Interior Minister Sar Kheng yesterday called on relevant authorities to strictly enforce road traffic laws, saying that a surge in traffic accidents had reached an alarming rate.
According to a report by the National Road Safety Committee, a total of 4,121 road accidents were reported countrywide in 2019, killing 1,981 people and injuring 6,141.
The number increased by 26 percent compared to 2018, the death toll rose by 12 percent, while the number of injuries by 29 percent, it said.
The report noted that an average of 5.4 people die every day on the roads. Most of the road accidents occurred in the capital, with 348 deaths, followed by Preah Sihanouk with 149 and Kandal provinces with 143.
It said the causes of the accidents include speeding, overtaking, drunk driving, and violating traffic laws. Other challenges include small-size road structure, increased transportation demand, damaged or lack of traffic control signage, lack of sidewalk management and limited law enforcement.
Speaking at the annual meeting to review road safety results last year and set the direction for this year, Mr Kheng said he believed the traffic accident rate will continue to rise this year, if the road traffic laws are not enforced.
“This figure is extreme and it requires us to take note of the alarming rate,” he said. “Authorities at all levels must take action in a timely manner. I would like to announce that this year we must focus on reducing traffic accidents and strengthening law enforcement.”
Mr Kheng noted that Phnom Penh, Kandal, Preah Sihanouk and Kampong Speu provinces will be the prime target areas for strict law enforcement and the authorities must take effective measures to reduce and prevent traffic accidents this year.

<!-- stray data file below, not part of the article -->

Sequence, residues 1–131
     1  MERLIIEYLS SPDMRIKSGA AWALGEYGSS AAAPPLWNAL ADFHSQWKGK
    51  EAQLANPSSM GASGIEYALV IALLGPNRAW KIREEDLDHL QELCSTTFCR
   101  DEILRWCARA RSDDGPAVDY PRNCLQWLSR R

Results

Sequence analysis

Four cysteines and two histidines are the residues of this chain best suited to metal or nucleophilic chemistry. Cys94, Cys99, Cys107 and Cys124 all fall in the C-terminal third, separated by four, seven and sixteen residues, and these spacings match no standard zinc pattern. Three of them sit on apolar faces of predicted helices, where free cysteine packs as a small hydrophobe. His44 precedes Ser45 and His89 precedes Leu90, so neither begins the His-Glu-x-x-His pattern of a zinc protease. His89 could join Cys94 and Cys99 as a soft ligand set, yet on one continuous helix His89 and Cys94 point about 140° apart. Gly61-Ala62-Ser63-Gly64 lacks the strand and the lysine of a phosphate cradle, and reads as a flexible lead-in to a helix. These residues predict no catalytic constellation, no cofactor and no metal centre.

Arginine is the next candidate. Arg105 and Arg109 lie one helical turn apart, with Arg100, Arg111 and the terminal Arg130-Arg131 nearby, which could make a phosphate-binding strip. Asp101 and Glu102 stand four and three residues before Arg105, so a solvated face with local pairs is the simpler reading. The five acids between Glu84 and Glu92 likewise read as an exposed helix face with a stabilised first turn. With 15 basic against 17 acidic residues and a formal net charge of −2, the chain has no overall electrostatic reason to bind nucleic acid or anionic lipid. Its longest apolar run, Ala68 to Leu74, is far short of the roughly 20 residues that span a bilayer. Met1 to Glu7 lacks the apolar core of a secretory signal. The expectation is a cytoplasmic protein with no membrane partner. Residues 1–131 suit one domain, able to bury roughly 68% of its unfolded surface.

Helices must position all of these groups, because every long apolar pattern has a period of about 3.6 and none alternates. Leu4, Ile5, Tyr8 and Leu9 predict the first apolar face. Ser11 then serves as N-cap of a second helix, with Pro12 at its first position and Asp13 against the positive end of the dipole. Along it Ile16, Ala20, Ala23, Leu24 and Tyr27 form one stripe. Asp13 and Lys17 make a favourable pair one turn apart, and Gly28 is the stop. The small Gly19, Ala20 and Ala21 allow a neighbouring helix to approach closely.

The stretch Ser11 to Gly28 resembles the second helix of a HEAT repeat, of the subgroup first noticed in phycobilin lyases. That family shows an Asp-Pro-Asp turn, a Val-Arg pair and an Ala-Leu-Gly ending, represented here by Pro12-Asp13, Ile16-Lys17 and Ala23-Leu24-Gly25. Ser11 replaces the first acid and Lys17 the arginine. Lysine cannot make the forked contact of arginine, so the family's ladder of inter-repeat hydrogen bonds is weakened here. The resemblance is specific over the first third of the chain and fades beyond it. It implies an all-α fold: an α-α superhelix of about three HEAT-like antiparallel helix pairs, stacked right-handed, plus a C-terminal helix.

He also instructed relevant ministries to increase penalties and fines for traffic violators, especially those who drive under the influence of alcohol or drugs.
“If motorists are caught intoxicated, punch a hole on their driving licence. Make another if they are caught for the second time. Lastly, revoke the licence and ban them from driving for one or two years,” Mr Kheng said. “If they are drug addicts and have more than 4 punch holes, revoke the licence and forbid them from driving forever.”
Touch Chan Kosal, a secretary of state at the Transport Ministry, noted yesterday that last year the ministry discovered a total of 732 unlicenced garages across the country which modified vehicles.
“At this point, I would like to request Interior Minister Sar Kheng to instruct all provincial authorities to take action and shut down unlicenced garages,” he said. “These are illegal businesses and modified vehicles are a major cause of accidents.”
Kim Panha, country director of the Asia Injury Prevention Foundation, yesterday hailed the government’s commitment to prevent traffic accidents, urging heads of both public and private firms to take part in educating their employees.
“Law enforcement plays a crucial role in preventing traffic accidents. At the same time, we must raise their awareness and educate them about the significance of obeying the traffic law,” he said.